Codeine/acetaminophen and hydrocodone/acetaminophen combination tablets for the management of chronic cancer pain in adults: a 23-day, prospective, double-blind, randomized, parallel-group study.Clin Ther. 2007 Apr; 29(4):581-7.CT
Analgesics are an essential component of the treatment of cancer-associated pain. Pharmacologic treatment is usually begun with nonopioid analgesics, most frequently acetaminophen. If pain relief is not achieved, the so-called "weak" opioids, such as codeine and hydrocodone, may be used in combination with acetaminophen. Adverse effects (AEs) of the opioids include constipation, somnolence, nausea, and vomiting. Based on the results of a literature search, data comparing the effects of the opioids are lacking.
The purpose of this study was to compare the analgesic efficacy and tolerability of codeine phosphate versus hydrocodone bitartrate in combination with acetaminophen in the relief of cancer-related pain.
This 23-day, prospective, double-blind, randomized, parallel-group study was conducted at 3 Colombian centers: University Libre, Social Security Institute, and General Hospital of Medellín, Cali, Colombia. Outpatients with cancer were eligible for the study if they were aged >-18 years and had chronic (duration, >/= 3 months) moderate to severe cancer-related pain (score on 10-cm visual analog scale [VAS], > 3 cm [moderate]; score on a 4-point verbal pain-intensity scale, > 1 [moderate]). Eligible patients were randomly assigned to receive 1 tablet of codeine/acetaminophen (C/A) 30/500 mg or hydrocodone/acetaminophen (H/A) 5/500 mg PO q4h (total daily doses, 150/2500 and 25/2500 mg, respectively) for 23 days. In both groups, if pain intensity was rated as > 3 on the VAS at week 1 or 2, the dosage was doubled. The primary end point was the proportion of patients who achieved pain relief (defined as a score of > 1 on a 5-point verbal rating scale [VRS] (0 = none; 1 = a little; 2 = some; 3 = a lot; and 4 = complete) on study days 1 and 2 and weeks 1, 2, and 3. The secondary end point was the proportion of patients in whom pain was decreased (VAS score, <- 3 cm). AEs were self-reported on a 4-point VRS (0 = absent; 1 = mild; 2 = moderate; and 3 = severe).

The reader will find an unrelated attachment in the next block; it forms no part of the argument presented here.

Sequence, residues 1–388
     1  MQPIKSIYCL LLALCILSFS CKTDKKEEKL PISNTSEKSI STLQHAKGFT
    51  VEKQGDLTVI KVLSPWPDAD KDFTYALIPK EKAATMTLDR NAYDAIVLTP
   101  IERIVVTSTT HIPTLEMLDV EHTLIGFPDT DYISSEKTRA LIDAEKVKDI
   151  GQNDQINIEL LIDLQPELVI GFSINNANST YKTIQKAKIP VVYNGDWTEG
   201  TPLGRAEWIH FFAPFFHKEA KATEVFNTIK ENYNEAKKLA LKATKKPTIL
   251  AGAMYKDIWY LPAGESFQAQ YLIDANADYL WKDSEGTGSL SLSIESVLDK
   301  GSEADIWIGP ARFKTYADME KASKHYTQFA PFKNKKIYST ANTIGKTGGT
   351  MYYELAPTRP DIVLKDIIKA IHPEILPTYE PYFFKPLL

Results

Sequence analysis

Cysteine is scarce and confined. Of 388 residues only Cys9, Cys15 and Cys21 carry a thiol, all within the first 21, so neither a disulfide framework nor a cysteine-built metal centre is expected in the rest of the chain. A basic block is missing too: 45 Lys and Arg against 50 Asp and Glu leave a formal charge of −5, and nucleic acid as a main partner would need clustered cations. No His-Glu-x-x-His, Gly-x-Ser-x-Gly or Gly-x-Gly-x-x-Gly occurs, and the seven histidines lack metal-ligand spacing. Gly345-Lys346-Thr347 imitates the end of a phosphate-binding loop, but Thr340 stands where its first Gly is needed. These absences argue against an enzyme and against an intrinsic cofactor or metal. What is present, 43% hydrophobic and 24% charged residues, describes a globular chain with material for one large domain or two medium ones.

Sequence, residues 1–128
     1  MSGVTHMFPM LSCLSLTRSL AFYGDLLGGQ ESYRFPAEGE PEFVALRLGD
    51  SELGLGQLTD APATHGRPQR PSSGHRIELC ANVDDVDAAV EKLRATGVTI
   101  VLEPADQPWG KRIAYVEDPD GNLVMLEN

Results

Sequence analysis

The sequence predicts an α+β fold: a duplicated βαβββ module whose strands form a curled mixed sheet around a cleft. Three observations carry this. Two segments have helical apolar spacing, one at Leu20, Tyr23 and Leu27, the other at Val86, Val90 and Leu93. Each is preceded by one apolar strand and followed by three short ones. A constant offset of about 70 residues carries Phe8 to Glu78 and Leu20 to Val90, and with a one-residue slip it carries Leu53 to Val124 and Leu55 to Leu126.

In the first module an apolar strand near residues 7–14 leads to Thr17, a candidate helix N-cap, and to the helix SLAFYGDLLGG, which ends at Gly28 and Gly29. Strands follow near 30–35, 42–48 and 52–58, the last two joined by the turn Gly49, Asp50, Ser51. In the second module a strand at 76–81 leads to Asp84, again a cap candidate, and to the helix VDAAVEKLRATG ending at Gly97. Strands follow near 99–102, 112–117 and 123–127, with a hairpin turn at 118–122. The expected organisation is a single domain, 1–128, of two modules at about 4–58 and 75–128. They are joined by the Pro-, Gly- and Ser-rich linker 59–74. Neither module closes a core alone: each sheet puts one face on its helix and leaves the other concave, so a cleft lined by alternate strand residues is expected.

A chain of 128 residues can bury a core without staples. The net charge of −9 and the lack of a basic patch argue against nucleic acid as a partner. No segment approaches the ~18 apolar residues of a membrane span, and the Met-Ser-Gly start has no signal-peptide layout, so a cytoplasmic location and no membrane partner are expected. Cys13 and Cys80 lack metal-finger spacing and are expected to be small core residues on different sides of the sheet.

Of the 121 patients who participated, 59 received C/A and 62 received H/A. Of the total number of cases, 59% were aged 60 to 89 years, and 55% were men. At baseline, 88% of the patients described their pain intensity as moderate; 12%, severe. Of the patients who received C/A, 58% responded to the initial dosage of 150/2500 mg/d, and 8% of the patients responded to the double dosage; 34% did not experience pain relief. In patients with H/A, pain was reported as absent or mild in 56% of patients at the starting dosage of 25/2500 mg/d; an additional 15% of the patients responded to the double dosage; the remaining 29% of patients did not experience any pain relief. None of the between-group differences in response rates were significant. The most common AEs in the C/A and H/A groups were constipation (36% and 29%, respectively), dizziness (24% and 19%), vomiting (24% and 16%), and dry mouth (15% and 18%), with no significant differences between groups.
In this study, efficacy and tolerability were comparable between C/A and H/A over 23 days of treatment in these patients with moderate or severe, chronic, cancer-related pain.